and see what 

Luis: it. I I think you're gonna love it. 

Tamara: I wanted to make sure that you were able to tell our listeners where they can purchase your product. Obviously in Toronto, if they go to your salon, and on the TO112 website, is it sold other places?

Luis: yeah, well it's sold at

and, um, we sell it at Medulla and co on Davenport. Uh, Gee Beauty carries our product. Uh, alibi. 

Send them to our website. We have like in Montreal, like there's like I think 900 salons that carry them, so it's no problem finding

Tamara: Yeah.

Okay, we'll, we'll, we'll try and help them.

Luis: Awesome.

Stephanie: Yeah. So we like to wrap up our interviews with a fast five, a quick q and a. We're gonna ask you a question and you should say the first thing that comes to your mind. Are you game?

Luis: I'm scared.

Tamara: It's not gonna be 

Luis: be


Tamara: like explicit or crazy.

Luis: What are, I

dunno. I 

think maybe you should be more 

Tamara: What do they call it? A safe podcast? We don't, we try and have no swearing on the, we bleep out the swearing.

Luis: I'm, I'm a very complicated person, so I'm Okay. Go. I'm

Stephanie: hopefully you find them easy. Tamara, do you wanna start?

Tamara: Who's your favourite curly-haired celebrity?

Luis: What's that girl from? The girl from Euphoria.

Stephanie: Oh, 


Luis: Zenday.

Tamara: Yeah.

Luis: Uh,

Stephanie: Her hair is gorgeous. 

Luis: I actually have a weakness for curls. I'm not, that's like a thing for me.

Tamara: I know we, we forgot to talk about curly hair today. There was so many other things to talk

Luis: Oh my God. Yeah. I am like, I have a weakness for curly hair. Like I, yeah,

Tamara: is do you have texture on your hair?

Luis: uh, I do, but not as much. I actually, um, when I was. 12. I was obsessed with, uh, Joey McIntyre's curly hair from New Kids on the Block. So I went to Fantastic Sam's and I made them perm my hair. And it was like three months before my confirmation and I came home with this big Afro and my father made me shave it off the next day.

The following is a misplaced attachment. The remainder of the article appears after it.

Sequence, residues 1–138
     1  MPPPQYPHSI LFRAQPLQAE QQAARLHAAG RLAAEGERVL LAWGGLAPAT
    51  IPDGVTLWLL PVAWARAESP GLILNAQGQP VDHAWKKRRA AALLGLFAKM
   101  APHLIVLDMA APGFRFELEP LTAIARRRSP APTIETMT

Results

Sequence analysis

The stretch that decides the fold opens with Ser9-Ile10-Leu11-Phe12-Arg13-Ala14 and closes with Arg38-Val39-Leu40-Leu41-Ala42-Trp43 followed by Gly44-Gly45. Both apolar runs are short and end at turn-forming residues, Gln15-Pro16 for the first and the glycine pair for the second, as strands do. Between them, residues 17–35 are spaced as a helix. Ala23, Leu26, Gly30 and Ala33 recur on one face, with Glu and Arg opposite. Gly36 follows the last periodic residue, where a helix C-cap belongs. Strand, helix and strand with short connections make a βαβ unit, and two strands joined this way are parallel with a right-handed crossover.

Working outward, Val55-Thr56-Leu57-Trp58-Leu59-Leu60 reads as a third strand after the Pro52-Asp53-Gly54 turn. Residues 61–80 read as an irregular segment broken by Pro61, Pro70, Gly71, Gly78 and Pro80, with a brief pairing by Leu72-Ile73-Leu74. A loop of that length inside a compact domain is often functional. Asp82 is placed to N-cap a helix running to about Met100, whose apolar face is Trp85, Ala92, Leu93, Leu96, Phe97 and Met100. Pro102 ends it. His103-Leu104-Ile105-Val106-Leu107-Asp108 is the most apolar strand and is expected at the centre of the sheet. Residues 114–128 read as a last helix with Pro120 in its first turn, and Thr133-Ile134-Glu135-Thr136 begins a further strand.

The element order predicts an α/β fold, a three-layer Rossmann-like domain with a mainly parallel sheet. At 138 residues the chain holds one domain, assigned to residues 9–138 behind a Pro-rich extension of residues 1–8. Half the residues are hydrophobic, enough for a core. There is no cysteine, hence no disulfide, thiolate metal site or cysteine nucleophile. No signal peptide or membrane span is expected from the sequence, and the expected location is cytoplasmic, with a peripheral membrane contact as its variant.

And then I swear to God, like in three months, in three months, I had like a little of the, a little bit of the perm left and then my straight hair and it looked like, I can't say it on your podcast, but.

Tamara: Oh,

my God, we can use our imaginations. That's like a traumatic story, uh, difficult relationship with, but you love curls even though they weren't accepted by your 

Luis: ex. My father just thought it was a really bad idea

Tamara: Okay. Sorry, I, I took us on a tangent. We need to be in the fast five go

Stephanie: Okay. Right fast five. Back to it. Okay. If you could do anyone's hair, who would it be?

Luis: oh my. I don't know. Like, do they have to be Alive 

Stephanie: Alive or dead Famous,

Tamara: Walk into your salon, sit in your chair. You're like, oh my God. This is what I've always wanted.

Luis: I forget her name too. she got arrested for stealing.

Stephanie: Winona.

Tamara: Reese


Oh, Winona. Winona Rider. Amazing. She'd have stories to tell. I bet. All the nineties. All the nineties gossip.

Stephanie: I know. Good one.

She's having a come back though. She's having a 

Tamara: Yeah, she's on the

Luis: I, I love her. You know what I did? Juliette Lewis's hair, and that was like a, I did, and I was like completely beside myself, you know, like, she was like such a, a nineties po, you know. Cult icon, Natural Born Killers, like Basketball Diaries. And,

Tamara: Oh my God.

Luis: she was ev like everything you imagine her to be, that's what she's like in person.

Tamara: that's what I think she, I think she, she would have a hard time pretending to be someone else cuz she seems very